That’s not as sarcastic as it sounds. Hearings are stressful and pretty weird, and cross-examining is probably the weirdest and most stressful part of conducting a hearing. Stress and unfamiliarity do make people lose touch a bit with their common sense.
That’s why these two pieces of advice are necessary:
1. Don’t take a witness to a particular line of her witness statement and say ‘You say such-and-such in your statement, don’t you?’ There’s no point: there it is in her statement. She’s just said it. You don’t need to get her to say it again, or agree that she’s said it.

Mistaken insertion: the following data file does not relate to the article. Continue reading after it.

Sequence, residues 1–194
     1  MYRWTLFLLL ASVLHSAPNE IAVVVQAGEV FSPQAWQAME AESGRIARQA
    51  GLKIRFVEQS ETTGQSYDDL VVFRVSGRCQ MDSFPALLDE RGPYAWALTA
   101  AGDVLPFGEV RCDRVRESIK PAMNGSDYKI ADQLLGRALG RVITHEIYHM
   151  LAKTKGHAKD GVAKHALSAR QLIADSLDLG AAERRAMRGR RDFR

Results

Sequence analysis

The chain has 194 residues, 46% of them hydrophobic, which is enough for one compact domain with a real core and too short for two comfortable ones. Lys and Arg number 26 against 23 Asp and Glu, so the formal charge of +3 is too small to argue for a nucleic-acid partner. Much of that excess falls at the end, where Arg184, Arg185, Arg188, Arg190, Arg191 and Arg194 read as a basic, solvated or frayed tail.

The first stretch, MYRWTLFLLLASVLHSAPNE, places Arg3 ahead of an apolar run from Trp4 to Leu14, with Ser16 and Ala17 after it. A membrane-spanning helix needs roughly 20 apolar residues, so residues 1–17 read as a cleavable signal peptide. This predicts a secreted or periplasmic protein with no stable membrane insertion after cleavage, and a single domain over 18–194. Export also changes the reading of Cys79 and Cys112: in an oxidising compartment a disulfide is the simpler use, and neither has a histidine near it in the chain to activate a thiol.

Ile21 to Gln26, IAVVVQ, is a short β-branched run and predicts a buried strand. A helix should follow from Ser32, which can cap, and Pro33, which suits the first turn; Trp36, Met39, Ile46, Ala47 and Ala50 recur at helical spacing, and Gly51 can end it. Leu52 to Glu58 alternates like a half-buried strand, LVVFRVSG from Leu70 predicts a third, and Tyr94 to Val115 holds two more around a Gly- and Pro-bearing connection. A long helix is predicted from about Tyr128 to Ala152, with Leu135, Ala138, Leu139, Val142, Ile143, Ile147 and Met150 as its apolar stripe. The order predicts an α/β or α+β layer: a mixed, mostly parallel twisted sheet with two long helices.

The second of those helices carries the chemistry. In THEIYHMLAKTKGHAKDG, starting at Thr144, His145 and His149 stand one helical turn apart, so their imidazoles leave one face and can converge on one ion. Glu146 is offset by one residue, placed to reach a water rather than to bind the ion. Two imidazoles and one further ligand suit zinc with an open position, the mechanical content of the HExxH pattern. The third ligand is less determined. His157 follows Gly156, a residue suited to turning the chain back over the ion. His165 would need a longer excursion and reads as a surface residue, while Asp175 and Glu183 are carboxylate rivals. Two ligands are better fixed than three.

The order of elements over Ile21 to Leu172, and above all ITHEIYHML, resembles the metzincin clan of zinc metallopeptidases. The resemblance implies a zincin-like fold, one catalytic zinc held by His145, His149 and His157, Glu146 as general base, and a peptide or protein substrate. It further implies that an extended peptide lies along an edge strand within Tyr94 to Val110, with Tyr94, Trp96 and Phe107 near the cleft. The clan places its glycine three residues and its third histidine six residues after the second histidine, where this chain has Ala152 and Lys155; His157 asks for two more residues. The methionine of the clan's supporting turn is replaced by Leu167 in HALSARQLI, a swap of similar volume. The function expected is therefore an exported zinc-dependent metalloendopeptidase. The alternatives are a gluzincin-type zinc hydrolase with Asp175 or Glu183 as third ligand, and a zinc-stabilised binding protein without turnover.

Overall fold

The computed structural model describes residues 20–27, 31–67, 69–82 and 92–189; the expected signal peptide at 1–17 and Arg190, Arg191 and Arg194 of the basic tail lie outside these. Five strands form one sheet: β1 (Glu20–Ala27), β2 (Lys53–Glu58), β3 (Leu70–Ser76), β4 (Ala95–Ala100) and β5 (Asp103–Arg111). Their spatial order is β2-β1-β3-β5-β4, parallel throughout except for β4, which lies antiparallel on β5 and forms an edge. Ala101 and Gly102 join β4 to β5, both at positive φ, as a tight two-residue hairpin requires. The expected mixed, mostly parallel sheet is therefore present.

2. Don’t take a witness to a document in the bundle and ask them if they agree that it says what it says. Again: they’re bound to. You can sensibly ask if they agree with you about what the significance of the document is, or face them with inconsistencies with their statement and the document, but there’s no point asking them to agree that what’s written on the document is what’s written on the document. The tribunal can see that for itself.